This film, adapted from a work of fiction by author Tracy Chevalier, tells a story about the events surrounding the creation of the painting "Girl With a Pearl Earring" by 17th century Dutch master Johannes Vermeer. Little is known about the girl in the painting, it is speculated that she was a maid who lived in the house of the painter along with his family and other servants, though there is no historical evidence. This masterful film attempts to recreate the mysterious girl's life. Griet, played by Scarlett Johansson, is a maid in the house of painter Johannes Vermeer, played by British actor Colin Firth. Vermeer's wealthy patron and sole means of support, Van Ruijven, commissions him to paint Griet with the intent that he will have her for himself before it is finished. She must somehow secretly pose for the crucial painting without the knowledge of Vermeer's wife, avoid Van Ruijven's grasp, and protect herself from the cruel gossip of the world of a 17th century servant. Written by
A subplot with David Morrissey as a friend of Vermeer was dropped during editing of the film. None of his scenes feature on the DVD release. See more »
As Vermeer starts to paint Griet he is wearing a shirt that ties at the collar. At the easel it is tied loosely in a double knot baring some of his upper chest. When Griet goes into the storeroom and Vermeer follows and stares at her the strings of the shirt are now tied tightly to his neck. See more »
A cinematic homage to 17th Century Flemish painters (not just Vermeer). (minor spoilers)
Girl with a Pearl Earring is based on the novel by Tracy Chevalier, who tells the story of a forbidden love affair (pardon the cliché) between painting master, Johannes Vermeer (Colin Firth), and the only woman who seemed to appreciate his work, a timid young maid named Grit (Scarlett Johansson).
Grit is hired to work in the Vermeer household. Had you not known anything about Vermeer prior to viewing the film, it seems as though he is some deformed creature the family wishes to keep secret. The family always linger near the door to Vermeer's studio, as though something dangerous was contained within. And, as the story goes along, you might get the impression that he is a nasty fellow, the way everyone approaches the studio so delicately, careful not to disturb anything. Says one maid to Grit, he doesn't like people bothering him when he is working.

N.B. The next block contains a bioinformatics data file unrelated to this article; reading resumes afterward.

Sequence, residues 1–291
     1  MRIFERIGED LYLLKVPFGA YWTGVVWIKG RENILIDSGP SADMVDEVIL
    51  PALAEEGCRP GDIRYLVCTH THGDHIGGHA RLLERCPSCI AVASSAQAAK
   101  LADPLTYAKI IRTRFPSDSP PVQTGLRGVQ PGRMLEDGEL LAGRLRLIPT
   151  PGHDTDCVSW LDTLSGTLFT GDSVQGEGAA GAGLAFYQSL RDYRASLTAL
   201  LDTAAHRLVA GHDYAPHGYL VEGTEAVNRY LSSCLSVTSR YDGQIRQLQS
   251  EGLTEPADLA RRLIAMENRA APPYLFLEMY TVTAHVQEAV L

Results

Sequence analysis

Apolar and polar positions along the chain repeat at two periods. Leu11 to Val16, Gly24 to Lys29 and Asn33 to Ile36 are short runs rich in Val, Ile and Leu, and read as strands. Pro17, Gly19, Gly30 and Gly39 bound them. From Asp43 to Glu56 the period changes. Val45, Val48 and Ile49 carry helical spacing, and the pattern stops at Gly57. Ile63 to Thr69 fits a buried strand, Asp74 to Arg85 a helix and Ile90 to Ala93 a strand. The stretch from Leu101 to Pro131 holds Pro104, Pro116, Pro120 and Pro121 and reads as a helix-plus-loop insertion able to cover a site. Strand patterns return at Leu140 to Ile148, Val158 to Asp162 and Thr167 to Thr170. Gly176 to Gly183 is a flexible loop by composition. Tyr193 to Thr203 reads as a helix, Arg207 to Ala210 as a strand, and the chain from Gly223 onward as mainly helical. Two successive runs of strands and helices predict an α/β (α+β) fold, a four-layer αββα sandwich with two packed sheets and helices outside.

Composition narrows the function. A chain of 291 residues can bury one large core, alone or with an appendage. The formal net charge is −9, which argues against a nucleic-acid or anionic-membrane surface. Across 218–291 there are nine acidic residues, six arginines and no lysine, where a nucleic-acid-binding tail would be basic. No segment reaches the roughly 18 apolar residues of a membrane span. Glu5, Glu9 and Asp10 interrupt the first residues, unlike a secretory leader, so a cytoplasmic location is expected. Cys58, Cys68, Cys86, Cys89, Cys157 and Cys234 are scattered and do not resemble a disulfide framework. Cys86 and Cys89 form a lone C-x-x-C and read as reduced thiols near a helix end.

In a way, Johannes is a real bastard to his wife, children, and mother-in-law. As a painter, they're never sure whether he is going to get the commissions from the arrogant, but jolly rich patron Van Ruijven (Tom Wilkinson), or whether they'll be escaping debtors by fleeing in the middle of the night.
Grit is curious, and at the same time, smitten with Johannes Vermeer, probably because of the initial mystery. She gains an interest in Vermeer, and in a way, also becomes his painting apprentice, helping him to mix paints, making creative suggestions about the paintings, and so forth. Vermeer introduces her to a rather different world that Grit has never known. And the two for a silent bond, a love for each other. Johannes appreciate's Grits company as a comfortable contrast to his mother-in-law, children, and especially his wife, he only seem to try to discourage his silly hobbies.
But, Johannes and Grit cannot act on their feelings for each other, at least not aloud. Divorce was highly out of the question, for one thing. But second, Johanne's was dependent on the arrogant Van Rijn for his commissions, and Van Rijn wanted Grit. Disgusted as Johannes may have been, and only slightly able to protect her (you'll see what I mean in the finale), he can't totally reject his financer. Plus, there is the barrier of master and maid, presenting a rigid social structure. And for Grit, she can only play out her affair with Johannes vicariously through her boyfriend, the Butcher.
Even if the story is not grounded in fact, or is based on little fact, the story of how Vermeer's painting, The Girl With a Pearl Earring came to be is one that presents a little mystery and romance to a painting. You can find something to appreciate it, beyond just consideration of the artistic elements of lighting or coloring, etc. In fact, art is always more fun with an intriguing story behind it (consider the controversy behind Whistler's 'Peacock Room').
I thought the movie did a fantastic job of recreating 17th century Netherlands. But what you may not know without having seen many 17 century painting, is that nearly every scene in the movie is constructed from 17 th century paintings, of Vermeers, Frans Halls, Van Dyke, and many others. The entire movie is, as one other viewer coined it, a "cinematic painting," but not just because it is a movie about the beauty of one painting, but because it is a movie entirely constructed from paintings. It was really incredible how precise everything is. Lighting, placement of figures. The actors would have to walk around a room and then at one point, hit their points precisely (props and all) to capture that one moment reflected in the painting from which it was taken from. This is really a great film for the art direction alone.
86 of 102 people found this review helpful.
Was this review helpful to you?